The pounding rhythms and spirited electric guitar featured in ‘Letting Me Out’ gives the vibrant track a pub singalong quality, if that pub was located in a dark corner of Hell and only served round after round of abandoned dreams chased with anguish and regret. The angelic harps featured on the forlorn ‘Is The Sky The Limit?’ belies just how far the subject of these songs has fallen, with their wistful desire to find love now just a fading aspiration, while ‘Golden Chain’ forms the sentimental link between not only the two correlating story lines of the narrative, but also the two halves of the record as well.
The relaxed, ’50s vibe of ‘So Far From Heaven’ and ‘Shine, Shine, Shine’ captures the early throes of love, with a dark undercurrent lingering threateningly beneath the sunny demeanor of the songs. And the portentous pulse of ‘It Isn’t Love’ clarifies the corruption involved in Adam and Eve’s self-destructive choices. Most of the songs on The Argument can be appreciated without tying them thematically into the Paradise Lost thread, but when you dig beneath the surface of the material and examine how each number pushes the narrative along, the tracks take on an added depth and significance, and the listener’s regard for what Hart has achieved here only increases.
‘War In Heaven’ again revisits the strumming of harps, but this time there is a musical chaos that is erupting all around, with menacing sirens and gun fire ringing out within the cacophony, as good and evil square off in a battle that will only leave each side weakened and weary. The Hüsker-like ‘Glorious’ is the type of gritty, indelible rock song that Hart has been associated with for decades now, but again clashes considerable with the experimental fury of ‘War In Heaven.’ The traumatic sense of regret that plagues Adam and Eve after they taste of Eden’s forbidden fruit — and compound the problem by sleeping with each other while still under the influence of their ultimate sin — is elucidated in the retro churn of ‘(It Was A) Most Disturbing Dream,’ one of the raucous highlights of the album’s somewhat uneven second half.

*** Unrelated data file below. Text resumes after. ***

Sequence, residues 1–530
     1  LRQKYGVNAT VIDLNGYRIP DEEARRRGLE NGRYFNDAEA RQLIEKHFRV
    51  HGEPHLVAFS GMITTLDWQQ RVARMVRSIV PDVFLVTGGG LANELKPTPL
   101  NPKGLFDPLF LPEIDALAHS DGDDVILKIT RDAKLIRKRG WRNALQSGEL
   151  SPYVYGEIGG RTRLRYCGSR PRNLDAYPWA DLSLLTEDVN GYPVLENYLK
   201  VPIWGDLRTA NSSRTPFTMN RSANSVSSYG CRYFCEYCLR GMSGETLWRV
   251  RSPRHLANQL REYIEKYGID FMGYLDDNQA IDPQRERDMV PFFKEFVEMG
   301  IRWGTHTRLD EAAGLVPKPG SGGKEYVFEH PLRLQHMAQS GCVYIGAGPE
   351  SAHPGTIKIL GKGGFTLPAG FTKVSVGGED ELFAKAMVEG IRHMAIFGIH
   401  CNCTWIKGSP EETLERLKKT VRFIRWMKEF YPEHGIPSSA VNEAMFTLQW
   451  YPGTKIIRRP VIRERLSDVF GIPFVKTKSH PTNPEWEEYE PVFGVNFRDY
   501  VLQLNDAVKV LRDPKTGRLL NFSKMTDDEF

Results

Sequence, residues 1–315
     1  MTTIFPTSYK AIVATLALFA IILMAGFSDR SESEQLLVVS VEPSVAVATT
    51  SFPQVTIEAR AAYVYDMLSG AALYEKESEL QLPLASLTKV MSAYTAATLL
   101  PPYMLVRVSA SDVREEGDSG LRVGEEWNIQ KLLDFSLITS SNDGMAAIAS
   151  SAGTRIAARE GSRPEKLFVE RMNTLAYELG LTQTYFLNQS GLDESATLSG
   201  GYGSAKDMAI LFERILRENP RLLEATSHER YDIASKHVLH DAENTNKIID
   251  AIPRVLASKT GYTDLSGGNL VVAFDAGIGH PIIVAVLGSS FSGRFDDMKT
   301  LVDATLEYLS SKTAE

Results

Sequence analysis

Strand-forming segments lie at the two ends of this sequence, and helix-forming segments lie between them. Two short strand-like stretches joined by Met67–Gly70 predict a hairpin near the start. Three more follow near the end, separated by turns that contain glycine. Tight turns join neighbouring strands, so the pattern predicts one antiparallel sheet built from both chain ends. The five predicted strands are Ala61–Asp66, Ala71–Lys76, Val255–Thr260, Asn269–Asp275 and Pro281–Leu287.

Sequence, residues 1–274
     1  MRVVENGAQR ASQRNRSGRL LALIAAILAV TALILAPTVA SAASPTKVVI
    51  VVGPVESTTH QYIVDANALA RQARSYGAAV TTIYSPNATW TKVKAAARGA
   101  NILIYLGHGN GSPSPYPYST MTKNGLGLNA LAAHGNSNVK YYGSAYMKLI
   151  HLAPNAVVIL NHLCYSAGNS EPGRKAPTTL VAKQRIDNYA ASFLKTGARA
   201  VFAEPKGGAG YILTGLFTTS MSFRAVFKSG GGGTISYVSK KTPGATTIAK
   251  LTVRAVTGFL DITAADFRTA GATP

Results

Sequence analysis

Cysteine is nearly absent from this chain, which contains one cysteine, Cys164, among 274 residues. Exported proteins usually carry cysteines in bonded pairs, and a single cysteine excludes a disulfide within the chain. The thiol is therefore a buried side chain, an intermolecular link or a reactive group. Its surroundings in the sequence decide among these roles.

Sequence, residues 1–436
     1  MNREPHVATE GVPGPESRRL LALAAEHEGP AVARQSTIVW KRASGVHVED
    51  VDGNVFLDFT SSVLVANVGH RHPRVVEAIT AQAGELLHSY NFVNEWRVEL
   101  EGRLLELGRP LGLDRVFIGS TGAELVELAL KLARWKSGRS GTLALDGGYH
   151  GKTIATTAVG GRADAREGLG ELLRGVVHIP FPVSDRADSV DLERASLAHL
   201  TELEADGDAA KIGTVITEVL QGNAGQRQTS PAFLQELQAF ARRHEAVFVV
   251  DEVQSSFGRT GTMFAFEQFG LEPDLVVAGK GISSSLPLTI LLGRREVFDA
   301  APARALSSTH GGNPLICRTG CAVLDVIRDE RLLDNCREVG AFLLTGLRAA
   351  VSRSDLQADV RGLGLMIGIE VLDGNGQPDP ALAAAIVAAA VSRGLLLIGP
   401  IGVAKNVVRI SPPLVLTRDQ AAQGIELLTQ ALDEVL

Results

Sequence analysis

The Tiny Tim-echoing ‘Underneath The Apple Tree’ is a simple ukulele ditty, sung from the perspective of Satan himself, who has taken the form of a snake laying in wait to lead Adam and Even down his dark path. And that broken road leads the characters into the mire of the wretched themes uncovered in the title-track, a funereal number that attempts to conveniently tie the threads of the album together, as two disparate voices fight for the eternal salvation of our souls as they sit perched on the listener’s shoulder like good and evil angels locked in a infinite struggle. The boisterous ‘Run For The Wilderness’ suggests the freedom of a road trip, only in this case it’s following the shameful banishment from Eden from the Maker himself.
The despondent ‘For Those Too High Aspiring’ is a reflective closing number that is reminiscent of the Greek myth of Icarus who famously flew to close to the sun only to perish due to his ambitious aims. Hart could also be self-deprecatingly referring to himself and his grand creative objective with The Argument, singing, “Here’s to you, you bit off more than you could chew.” But even with the epic, but decidedly dusty, literary inspirations that imbue the lyrical texture of the album, these songs still have a bold, courageous quality to them while also rocking with the best of Hart’s recent output. There’s decidedly no fall from grace here for Grant Hart on The Argument, his most ambitious and accomplished album in years.